"Imagine the outcry if it had been 'for men only.' Men have something valid to say about women," he adds.
Artist Liliana Livneh, who came to Israel from Argentina in 1977, concurs. She believes that men have special insight into women, sometimes even better than a woman herself, citing the cinematic works of Spaniard Pedro Almodovar. Livneh's work "Faces" depicts a woman as a caryatid (a sculpted female figure in the shape of a column or a pillar serving as an architectural support). "First you see the external beauty, the usual way we approach a woman," Livneh explains. "Then we notice that she is hard at work supporting the architecture. The capital above her head represents her responsibility both as a mother and professional."
Another exhibitor Marlen Ferrer, a 55-year-old painter and environmental artist from Tivon, who came to Israel from South Africa in 1978, says she treats a figure of a woman gently, using gold leaf to show a jewel-like quality in her "Eve and Apple." Ferrer's working method is to begin with tar applied to the canvas, and through rubbing, to watch a shape begin to form. "This is the strength of women, from the dark sticky tar, a gentle soul arises," she says.
Bercovici, 50, a freelance curator from Haifa, initiated the project, which was supported by Bank Hapoalim and the German Embassy in Tel Aviv, after noticing that Israel's response to International Women's Day was minimal. "When I started to work, I was the only person preparing an exhibition." (Subsequently, Beit Ahoti, a gallery in south Tel Aviv mounted "The Silence of the Butterflies," by Hanan Abu Husein, a female Israeli-Arab artist from Umm el-Fahm in the north of Israel, who deals with the plight of Arab women in Palestinian and Israeli society). The city of Holon also joined the festivities (see box on page 39).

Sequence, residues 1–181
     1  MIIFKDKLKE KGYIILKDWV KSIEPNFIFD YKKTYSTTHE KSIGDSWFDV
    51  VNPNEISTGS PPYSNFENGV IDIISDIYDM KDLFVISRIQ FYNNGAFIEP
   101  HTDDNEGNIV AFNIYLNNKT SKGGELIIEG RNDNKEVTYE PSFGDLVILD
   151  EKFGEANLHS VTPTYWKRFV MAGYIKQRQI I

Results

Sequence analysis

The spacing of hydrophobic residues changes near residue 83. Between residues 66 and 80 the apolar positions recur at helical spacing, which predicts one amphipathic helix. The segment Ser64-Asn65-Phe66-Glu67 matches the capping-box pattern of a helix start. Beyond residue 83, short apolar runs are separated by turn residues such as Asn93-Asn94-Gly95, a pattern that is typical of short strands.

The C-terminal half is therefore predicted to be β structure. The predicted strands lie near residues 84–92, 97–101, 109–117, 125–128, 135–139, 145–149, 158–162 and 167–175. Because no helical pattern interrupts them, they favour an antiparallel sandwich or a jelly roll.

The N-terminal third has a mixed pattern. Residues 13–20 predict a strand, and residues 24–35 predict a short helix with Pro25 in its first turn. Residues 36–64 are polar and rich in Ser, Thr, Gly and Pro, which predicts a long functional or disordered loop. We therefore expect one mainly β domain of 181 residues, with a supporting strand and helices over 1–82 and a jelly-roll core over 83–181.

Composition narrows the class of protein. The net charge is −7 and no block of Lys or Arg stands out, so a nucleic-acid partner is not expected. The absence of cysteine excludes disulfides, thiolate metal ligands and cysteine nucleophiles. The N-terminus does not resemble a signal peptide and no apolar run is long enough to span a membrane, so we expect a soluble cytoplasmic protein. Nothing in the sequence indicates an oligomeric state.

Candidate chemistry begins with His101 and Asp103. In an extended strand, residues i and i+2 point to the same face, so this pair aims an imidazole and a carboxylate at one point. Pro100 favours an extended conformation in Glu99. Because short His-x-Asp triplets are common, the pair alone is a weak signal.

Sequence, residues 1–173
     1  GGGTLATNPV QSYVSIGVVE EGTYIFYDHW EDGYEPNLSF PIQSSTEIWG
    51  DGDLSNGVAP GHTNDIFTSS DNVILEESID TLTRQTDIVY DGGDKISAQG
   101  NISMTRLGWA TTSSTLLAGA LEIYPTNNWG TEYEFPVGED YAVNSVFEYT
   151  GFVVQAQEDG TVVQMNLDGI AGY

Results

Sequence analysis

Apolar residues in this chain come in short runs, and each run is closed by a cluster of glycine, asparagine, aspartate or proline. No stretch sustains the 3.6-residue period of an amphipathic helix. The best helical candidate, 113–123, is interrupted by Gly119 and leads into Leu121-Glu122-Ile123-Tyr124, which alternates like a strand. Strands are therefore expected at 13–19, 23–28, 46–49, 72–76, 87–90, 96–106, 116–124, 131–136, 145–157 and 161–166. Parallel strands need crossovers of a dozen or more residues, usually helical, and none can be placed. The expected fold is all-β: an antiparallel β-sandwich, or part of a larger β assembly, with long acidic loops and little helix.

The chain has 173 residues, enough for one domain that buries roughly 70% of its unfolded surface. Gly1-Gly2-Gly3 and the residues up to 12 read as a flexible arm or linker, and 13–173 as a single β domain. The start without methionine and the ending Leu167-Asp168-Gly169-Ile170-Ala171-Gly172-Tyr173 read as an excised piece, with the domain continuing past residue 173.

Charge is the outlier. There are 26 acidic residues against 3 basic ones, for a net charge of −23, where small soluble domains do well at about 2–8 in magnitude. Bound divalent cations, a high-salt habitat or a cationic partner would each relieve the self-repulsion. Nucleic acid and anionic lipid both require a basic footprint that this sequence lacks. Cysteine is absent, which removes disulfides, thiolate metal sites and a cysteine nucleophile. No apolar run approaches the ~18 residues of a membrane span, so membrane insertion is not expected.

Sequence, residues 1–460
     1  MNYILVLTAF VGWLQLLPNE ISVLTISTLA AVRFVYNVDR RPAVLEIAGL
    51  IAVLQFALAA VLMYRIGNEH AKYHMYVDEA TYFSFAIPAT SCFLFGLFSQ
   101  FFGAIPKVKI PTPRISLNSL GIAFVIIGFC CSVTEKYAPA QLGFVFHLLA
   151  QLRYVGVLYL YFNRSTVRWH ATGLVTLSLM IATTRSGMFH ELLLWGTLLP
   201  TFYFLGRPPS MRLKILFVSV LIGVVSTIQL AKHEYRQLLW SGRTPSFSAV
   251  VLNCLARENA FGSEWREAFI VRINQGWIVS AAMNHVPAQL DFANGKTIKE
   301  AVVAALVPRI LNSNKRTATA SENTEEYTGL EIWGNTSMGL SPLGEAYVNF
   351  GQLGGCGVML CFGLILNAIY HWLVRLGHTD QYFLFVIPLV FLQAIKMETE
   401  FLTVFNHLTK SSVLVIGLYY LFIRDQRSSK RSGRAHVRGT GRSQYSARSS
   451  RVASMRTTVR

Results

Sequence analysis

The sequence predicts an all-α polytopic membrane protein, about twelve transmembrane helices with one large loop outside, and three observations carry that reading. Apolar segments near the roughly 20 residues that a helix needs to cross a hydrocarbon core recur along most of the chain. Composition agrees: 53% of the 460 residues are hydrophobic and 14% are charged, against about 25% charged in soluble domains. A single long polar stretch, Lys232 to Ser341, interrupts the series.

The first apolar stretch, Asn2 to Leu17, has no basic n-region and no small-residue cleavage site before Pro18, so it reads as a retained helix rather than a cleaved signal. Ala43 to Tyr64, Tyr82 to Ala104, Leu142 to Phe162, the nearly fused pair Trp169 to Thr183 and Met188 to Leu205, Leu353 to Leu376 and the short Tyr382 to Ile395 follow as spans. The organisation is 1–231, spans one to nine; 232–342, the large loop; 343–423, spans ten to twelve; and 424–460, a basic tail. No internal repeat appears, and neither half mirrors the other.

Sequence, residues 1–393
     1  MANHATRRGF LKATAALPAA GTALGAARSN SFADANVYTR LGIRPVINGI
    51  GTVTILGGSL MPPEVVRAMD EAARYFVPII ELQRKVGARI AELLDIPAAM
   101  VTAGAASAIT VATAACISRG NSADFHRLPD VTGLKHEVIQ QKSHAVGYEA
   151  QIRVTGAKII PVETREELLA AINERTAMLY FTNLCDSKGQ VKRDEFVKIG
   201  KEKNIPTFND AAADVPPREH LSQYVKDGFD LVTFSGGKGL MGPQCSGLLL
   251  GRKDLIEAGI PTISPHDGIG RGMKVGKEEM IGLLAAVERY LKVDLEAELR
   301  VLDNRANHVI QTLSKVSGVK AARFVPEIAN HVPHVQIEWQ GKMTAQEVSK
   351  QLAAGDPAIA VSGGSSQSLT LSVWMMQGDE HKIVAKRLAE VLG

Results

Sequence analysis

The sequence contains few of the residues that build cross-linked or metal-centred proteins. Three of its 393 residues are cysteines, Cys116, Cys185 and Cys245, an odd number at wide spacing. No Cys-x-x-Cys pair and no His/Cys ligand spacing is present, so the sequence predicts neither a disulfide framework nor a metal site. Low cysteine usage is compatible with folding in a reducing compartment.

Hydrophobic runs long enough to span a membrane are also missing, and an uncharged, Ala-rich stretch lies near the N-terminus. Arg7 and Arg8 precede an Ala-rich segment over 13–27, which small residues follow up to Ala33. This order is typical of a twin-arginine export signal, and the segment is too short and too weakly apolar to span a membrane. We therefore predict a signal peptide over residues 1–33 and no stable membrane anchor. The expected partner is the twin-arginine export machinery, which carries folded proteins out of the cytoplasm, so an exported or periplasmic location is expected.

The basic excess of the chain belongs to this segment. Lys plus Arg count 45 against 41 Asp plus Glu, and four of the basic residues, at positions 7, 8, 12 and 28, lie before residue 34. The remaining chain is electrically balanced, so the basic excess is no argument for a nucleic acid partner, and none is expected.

Bercovici, who emigrated from Bucharest, Romania, in 1983, says she was fortunate to have had a muse to guide her on this mission. Advising her both on the importance of Jewish women's artistic achievements as well as where to find them was Hedwig Brenner, who has recently completed the final tome of her three-volume opus on "Jewish Female Artists in the Visual Arts" (Hartung-Gorre Publishers, 1998-2007). It features comprehensive biographies of 1,030 artists and their work from Israel, the United States, England and Western Europe.